Right now, I have two staff dedicated to providing working with landlords to find out about affordable housing in the GTA. Woodgreen, along with the donated services of Deloitte and the Konrad Group have come together to create a new online portal to match Syrian refugees in need with offers of housing, goods and services. The Housing Opportunities & Marketplace Exchange (H.O.M.E) portal allows donors -- both businesses and individuals -- to post available housing, goods and services to help Syrian refugees arriving in Toronto.  

Our settlement and language teams have been supporting refugees in other issues such as orientation and language services. We are also constantly building new programs to address needs. One such new program is to take refugees, many of whom are currently in hotels around the city waiting to find apartments and residential housing, around the city of Toronto to see the iconic sights in this city.

We always need volunteers who speak Arabic, and have skills that can be of help to the refugees, to come out and help. Please contact us to find out more about the trips we are planning.


As you have become more acquainted with the needs of the community, what are the refugee needs you see that are not being met.

It has been amazing working with refugees. They are working to build their lives, taking whatever job they can. From what I have seen there are two kinds of refugees coming from Syria, people who are highly educated, generally from urban areas, and people, generally from rural areas, with no knowledge of English or French, and who do not have education higher than high school. Both these sets of people are currently highly motivated to work, to resettle, but they will have different long term needs.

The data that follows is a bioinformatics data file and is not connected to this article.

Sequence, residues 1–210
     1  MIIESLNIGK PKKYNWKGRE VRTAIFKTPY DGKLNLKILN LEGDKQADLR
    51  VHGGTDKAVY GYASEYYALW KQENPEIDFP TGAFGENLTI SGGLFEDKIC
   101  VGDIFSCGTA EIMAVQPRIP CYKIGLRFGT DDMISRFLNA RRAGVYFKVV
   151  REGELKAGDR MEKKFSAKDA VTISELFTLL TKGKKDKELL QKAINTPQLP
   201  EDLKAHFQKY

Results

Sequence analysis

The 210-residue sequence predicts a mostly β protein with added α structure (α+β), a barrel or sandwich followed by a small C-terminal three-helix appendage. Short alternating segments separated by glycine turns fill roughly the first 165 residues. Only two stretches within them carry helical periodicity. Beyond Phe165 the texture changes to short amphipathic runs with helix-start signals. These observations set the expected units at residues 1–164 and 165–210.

In time, they may also need trauma counselling -- after they have addressed the basic needs of settlement -- finding housing, finding work, getting the kids in school.

Speaking of schools, there are kids arriving (of all ages) and don't speak much English who will need help learning English while keeping up with their coursework. Basically there are a lot of long term needs in the community that will begin to become increasingly apparent, and there needs to be infrastructure and funding to address these needs in a systemic way.

However, I would like to say, that I have never been so impressed by people. I came to Canada as an immigrant over 27 years ago, and I have never seen this kind of community engagement in supporting refugees. People are calling us with housing, with jobs, eager to help. I hope that this kind of support can be extended to other marginalized communities as well. I am also in awe of many of the refugees I am meeting. Their resilience and their strength as they rebuild their lives is inspiring.

My main concern, in terms of long-term needs, is what happens in a few years, when the Syrian crisis, hopefully, is no longer in the news, when there is a need to meet long term needs of the community. We need to have adequate resources at all levels to meet these needs.


How do community members get involved in helping Woodgreen?

If you want to help our work, contact us, particularly if you speak Arabic, and let us know if you can volunteer some time as a translator. We do serve a lot of communities, and we always welcome people who are able to help us.  Also if you have goods, services, or housing that could be useful for refugee resettlement, please list it on HOME.